We got to the little room in triage and made it through some more contractions. The doctor came in to check the cervix and our worst fears came true. She was only at 4cm. At that point, I didn’t think I would be able to keep Carrie going any longer. We had prepared for nine months to have a completely natural birth, she had stressed that she really didn’t want an epidural, and in our meeting with the doctor a couple weeks ago, she told her that. But at that moment, hearing that she was only 4cm when she expected to hear 8 or 9, she lost it.

Thankfully, the doctor was awesome. She encouraged Carrie and did just what she said she would do in our meeting: asking Carrie to just go a little longer. She also informed us that Carrie was dehydrated and needed an IV. Even if she got an epidural, she would still have to have the IV because the dehydration was keeping the cervix from relaxing in between contractions, which explained the extreme pain Carrie was in. She wasn’t getting any kind of rest in between.

We were in there for about 20 minutes and the IV really seemed to help, but Carrie was still really hurting and still asking for the epidural. I wasn’t sure how much longer I could hold off. This whole time, every chance I got, I had been texting back and forth with Tanya, who was still in the waiting room (they only let one person in at a time in triage). She was giving me encouragement and saying that Carrie wasn’t really 4cm. Everything pointed towards much more than that.

All the sudden, two different nurses came in saying the baby’s heart rate was declining and they needed to check Carrie again. Just as they started to check her, Carrie screamed, “I have to push!!!” The nurse said that she was now 10, plus 2, or in other words, 12cm., so they called for the doctor. The doctor came in and told Carrie it was okay to start pushing and that it was a good thing because the baby was coming, so they were going to wheel us in to labor and delivery.

The triage nurses started wheeling the bed away and I noticed that no one had remembered to grab the IV pole, which was still attached to Carrie’s arm. If I hadn’t yelled at them to stop, they would have ripped it right out, but they stopped and grabbed it and then wheeled her into L&D. I ran into the waiting room to grab Tanya and then went back to the room, which was right across the hall.

The birth

She started pushing at about 11:40 and eventually, the doctor told her she had to lay on her side. It all happened so fast that the way she laid, her top half was off the bed and I was completely holding her up. Tanya was on her left side holding her leg up, and a nurse was holding her right leg up, while the doctor was monitoring the pushing.

At first, Carrie was really screaming when she was pushing, but the doctor told her to focus that energy downward instead of outward. She really seemed to respond to that and did a great job of pushing for the next 10-15 minutes (if that). I started to see the baby’s head come out and the doctor had Carrie reach down to touch it so she knew it was almost out. As it came a little farther, the doctor reached in and unwrapped the cord from around her neck (it was only wrapped around once, so it wasn’t a huge worry). Then, Brooklyn came out and it was the greatest feeling in the world.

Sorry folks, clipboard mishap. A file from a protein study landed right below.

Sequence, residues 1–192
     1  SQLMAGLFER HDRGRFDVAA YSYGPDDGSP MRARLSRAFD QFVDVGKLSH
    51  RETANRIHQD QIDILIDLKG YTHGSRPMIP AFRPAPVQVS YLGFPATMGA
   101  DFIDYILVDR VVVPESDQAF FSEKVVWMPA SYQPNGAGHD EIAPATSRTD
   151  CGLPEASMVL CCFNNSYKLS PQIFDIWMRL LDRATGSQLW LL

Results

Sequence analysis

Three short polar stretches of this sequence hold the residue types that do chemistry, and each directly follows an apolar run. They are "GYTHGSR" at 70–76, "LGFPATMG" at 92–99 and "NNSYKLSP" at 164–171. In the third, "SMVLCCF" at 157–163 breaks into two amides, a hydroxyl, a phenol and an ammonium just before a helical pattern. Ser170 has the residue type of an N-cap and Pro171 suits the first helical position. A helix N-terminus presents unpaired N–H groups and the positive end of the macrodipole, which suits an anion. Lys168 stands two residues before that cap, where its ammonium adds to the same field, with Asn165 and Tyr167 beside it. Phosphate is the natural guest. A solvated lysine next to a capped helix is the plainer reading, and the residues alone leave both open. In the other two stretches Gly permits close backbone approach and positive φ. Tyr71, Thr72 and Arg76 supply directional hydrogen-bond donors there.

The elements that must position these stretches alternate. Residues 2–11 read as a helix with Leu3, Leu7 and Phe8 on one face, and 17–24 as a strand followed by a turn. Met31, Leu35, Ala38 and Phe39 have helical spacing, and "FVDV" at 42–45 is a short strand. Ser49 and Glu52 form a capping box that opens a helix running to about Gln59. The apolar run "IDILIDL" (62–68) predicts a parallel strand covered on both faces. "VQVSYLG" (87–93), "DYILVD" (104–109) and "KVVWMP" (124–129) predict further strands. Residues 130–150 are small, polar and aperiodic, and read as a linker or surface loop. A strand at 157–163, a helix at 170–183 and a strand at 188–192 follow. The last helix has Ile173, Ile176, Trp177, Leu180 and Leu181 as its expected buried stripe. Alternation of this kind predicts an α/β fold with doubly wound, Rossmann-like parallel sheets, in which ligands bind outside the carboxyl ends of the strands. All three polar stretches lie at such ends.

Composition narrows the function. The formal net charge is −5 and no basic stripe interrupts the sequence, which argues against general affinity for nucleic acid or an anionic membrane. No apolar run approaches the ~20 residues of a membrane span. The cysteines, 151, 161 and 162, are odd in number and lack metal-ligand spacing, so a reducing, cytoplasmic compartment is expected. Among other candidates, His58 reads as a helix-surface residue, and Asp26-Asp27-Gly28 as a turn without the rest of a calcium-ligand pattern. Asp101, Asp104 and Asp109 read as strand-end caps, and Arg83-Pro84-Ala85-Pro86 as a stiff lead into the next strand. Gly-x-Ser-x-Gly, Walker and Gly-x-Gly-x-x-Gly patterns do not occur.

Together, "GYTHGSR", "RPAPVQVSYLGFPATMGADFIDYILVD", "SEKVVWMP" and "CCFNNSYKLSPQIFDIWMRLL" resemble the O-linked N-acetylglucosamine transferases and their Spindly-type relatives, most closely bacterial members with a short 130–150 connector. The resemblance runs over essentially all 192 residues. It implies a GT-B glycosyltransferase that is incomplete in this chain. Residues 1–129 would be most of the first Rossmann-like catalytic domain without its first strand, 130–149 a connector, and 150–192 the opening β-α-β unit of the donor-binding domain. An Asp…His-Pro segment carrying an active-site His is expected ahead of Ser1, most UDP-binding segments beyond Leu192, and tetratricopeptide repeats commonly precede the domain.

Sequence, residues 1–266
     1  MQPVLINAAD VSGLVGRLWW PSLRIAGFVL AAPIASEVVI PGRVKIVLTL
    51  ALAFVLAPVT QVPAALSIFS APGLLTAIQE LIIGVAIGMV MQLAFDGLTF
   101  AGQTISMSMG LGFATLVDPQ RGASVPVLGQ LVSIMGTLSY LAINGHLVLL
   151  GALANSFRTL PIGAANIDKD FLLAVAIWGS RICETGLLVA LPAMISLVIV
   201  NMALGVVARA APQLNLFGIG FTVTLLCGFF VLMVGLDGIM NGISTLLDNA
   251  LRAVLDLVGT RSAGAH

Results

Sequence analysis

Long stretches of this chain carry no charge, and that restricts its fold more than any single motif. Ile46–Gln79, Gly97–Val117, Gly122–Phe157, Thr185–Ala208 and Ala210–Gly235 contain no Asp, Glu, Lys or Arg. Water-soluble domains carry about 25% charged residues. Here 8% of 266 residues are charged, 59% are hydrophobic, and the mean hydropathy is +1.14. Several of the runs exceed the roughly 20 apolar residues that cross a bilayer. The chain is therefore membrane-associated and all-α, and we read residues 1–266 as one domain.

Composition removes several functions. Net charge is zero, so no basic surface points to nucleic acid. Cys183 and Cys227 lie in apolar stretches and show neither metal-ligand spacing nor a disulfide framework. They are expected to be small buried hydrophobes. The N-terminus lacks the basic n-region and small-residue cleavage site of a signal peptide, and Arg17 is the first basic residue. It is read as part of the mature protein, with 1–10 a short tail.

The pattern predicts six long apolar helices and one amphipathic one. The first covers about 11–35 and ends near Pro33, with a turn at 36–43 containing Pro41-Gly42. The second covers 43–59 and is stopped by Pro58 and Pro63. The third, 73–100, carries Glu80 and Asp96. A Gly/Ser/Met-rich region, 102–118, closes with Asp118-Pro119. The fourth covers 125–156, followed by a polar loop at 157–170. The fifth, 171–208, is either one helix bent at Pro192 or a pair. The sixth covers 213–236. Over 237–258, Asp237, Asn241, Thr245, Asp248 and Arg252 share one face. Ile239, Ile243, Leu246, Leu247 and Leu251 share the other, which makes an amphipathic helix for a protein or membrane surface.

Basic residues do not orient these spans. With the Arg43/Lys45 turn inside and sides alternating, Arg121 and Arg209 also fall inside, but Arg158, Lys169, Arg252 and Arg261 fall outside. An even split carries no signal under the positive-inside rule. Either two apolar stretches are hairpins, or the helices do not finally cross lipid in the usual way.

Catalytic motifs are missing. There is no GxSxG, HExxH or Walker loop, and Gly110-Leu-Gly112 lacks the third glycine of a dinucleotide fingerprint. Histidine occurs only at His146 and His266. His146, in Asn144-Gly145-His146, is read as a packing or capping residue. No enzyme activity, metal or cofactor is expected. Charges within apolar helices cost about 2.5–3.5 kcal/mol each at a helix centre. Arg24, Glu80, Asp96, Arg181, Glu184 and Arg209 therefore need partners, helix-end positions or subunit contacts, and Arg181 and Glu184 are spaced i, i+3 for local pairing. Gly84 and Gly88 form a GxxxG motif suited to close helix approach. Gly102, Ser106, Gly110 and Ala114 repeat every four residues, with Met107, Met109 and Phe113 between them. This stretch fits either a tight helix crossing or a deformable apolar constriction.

Carrie was exhausted and incredibly relieved that we had done it. I couldn’t help but tear up as she pushed her out and the doctor sat Brooklyn up and she started crying. I don’t really remember much during those first couple minutes other than hugging Carrie and then standing with Brooklyn underneath the heat lamp while Carrie pushed out the placenta.

The lesson

If you or your wife is pregnant, or you’re planning to get pregnant down the road, and you want to do a natural birth, I would strongly recommend getting a doula for your birth, especially if it’s your first one. We felt so comfortable with Tanya because she had witnessed so many births and really understood all the signs to look for in the process of labor. Obviously, I had never done it before, so having someone who we both felt comfortable with and trusted was invaluable.

A few days before that, we met with Tanya for a final time to go over any last fears, questions, or requests and she told us a couple of stories about recent births where they didn’t trust her instinct and ended up not getting the birth they wanted. I don’t really remember the details of them, but was right in both instances if she had only trusted her instinct instead of giving in. That told me that I could trust her, and boy am I glad I did. I don’t think we would have made it to the hospital if she hadn’t been there because by the time she got to our apartment, Carrie was a lot farther along than either of us thought. She was still coherent in between contractions, which all of our training told us she wouldn’t be.